With dynamically changing trends and technologies, it's easy to miss one or more of these important components, leaving loopholes that compromise the security of the network. On the following pages, we've listed seven common network security mistakes that users and IT pros are making somewhere in every enterprise. Root these out, and you'll have a strong foundation for network security.

    (Image: BlackJack3D/iStockphoto)

  • Weak authentication

    People often use a blank, default, easy-to-remember or weak password, such as their name, spouse's name, birthday, or even the word "password." This bad practice provides hackers with a fragile door through which they can easily enter into your network and systems.

    For better network security, organizations must enforce a strict policy of requiring a strong password for each entry point to their systems. Users must use long, complex passwords with a combination of capital and lowercase letters, numbers, and special characters for the highest possible password security.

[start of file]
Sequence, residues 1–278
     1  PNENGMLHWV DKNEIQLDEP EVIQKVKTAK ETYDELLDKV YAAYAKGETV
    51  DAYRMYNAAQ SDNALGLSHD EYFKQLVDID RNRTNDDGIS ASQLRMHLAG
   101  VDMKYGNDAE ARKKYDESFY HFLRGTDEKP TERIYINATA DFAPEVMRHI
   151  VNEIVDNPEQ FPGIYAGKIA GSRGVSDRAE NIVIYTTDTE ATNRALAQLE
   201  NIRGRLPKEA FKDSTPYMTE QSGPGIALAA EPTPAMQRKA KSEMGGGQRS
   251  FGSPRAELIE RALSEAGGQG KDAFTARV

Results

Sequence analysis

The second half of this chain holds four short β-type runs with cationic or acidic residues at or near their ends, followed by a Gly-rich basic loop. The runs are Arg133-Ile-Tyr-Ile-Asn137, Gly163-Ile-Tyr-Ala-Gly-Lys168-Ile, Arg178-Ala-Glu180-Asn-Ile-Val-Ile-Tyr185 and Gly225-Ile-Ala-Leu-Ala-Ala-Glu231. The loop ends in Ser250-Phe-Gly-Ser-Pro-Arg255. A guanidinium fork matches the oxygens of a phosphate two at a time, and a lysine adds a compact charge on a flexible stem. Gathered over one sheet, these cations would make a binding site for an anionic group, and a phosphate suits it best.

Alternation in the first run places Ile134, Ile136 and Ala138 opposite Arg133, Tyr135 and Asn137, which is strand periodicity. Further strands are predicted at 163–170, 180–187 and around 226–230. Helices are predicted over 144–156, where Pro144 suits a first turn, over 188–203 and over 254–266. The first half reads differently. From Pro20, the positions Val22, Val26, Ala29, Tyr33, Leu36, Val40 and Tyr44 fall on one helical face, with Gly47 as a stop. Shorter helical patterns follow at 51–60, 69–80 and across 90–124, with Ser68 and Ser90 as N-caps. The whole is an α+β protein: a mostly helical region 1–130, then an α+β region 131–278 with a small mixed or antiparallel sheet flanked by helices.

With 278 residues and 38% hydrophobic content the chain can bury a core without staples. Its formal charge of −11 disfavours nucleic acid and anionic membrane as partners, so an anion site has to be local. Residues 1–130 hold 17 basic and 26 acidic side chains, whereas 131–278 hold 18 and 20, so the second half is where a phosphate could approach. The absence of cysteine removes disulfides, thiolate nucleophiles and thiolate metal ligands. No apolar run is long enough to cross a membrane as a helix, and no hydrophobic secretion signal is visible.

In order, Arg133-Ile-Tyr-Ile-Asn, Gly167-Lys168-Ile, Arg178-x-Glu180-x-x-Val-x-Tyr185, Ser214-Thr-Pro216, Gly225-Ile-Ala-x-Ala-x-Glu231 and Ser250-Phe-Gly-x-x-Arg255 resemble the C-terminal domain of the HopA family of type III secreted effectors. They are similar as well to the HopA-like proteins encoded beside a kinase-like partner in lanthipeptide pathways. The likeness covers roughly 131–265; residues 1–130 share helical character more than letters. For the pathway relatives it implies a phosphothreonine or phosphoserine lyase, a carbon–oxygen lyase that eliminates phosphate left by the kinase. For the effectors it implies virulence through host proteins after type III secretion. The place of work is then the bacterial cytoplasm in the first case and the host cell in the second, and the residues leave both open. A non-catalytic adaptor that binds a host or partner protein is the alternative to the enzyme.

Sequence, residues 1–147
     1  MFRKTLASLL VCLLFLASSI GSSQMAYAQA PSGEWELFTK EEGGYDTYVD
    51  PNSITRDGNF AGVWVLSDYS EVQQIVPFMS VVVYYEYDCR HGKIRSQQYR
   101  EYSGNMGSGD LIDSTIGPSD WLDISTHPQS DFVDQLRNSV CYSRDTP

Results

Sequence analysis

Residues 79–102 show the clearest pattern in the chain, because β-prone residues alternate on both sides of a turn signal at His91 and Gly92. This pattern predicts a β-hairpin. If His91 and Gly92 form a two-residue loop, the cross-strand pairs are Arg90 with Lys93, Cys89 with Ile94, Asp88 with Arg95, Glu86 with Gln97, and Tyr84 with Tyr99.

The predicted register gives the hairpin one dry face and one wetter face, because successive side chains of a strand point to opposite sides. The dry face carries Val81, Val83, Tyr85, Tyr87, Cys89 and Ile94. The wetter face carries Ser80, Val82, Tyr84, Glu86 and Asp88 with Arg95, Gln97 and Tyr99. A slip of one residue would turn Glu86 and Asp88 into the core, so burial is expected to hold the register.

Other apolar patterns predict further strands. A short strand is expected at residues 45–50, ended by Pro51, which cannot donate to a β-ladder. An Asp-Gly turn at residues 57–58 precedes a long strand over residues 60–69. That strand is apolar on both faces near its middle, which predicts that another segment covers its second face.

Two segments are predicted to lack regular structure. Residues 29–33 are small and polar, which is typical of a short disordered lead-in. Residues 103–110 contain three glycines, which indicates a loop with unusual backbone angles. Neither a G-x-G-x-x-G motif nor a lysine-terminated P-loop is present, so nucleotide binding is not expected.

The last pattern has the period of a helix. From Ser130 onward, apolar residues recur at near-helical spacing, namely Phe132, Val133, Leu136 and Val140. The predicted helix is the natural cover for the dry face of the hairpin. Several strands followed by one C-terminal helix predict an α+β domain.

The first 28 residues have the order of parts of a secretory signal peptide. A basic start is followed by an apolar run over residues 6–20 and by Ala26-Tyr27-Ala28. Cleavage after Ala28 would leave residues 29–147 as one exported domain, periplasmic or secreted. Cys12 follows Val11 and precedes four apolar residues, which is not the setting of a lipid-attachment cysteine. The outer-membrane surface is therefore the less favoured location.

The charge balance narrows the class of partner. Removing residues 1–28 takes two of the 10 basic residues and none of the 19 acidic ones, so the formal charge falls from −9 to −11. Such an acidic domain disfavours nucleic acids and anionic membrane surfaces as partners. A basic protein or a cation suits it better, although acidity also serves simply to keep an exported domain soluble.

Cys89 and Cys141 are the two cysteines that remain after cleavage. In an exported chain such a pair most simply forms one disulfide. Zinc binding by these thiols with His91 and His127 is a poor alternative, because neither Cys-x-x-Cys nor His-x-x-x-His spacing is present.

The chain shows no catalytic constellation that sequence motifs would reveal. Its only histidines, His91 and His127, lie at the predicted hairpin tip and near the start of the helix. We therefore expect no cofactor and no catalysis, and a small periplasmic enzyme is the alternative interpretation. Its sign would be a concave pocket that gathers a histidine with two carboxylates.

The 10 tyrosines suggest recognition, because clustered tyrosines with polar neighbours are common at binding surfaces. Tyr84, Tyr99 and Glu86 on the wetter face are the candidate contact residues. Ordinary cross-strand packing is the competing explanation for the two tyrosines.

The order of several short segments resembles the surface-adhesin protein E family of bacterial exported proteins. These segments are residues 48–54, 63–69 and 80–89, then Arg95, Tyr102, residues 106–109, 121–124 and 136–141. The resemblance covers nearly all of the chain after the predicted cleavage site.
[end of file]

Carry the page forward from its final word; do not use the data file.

Passwords are considered the easiest form of security, and they can be highly effective when used properly to protect the privacy of data stored on various workstations, appliances, and servers across the network. For critical business information and sensitive data, stronger password-protection mechanisms like periodic expiration of the password and multi-factor authentication can be implemented.

  • Ignorance of encryption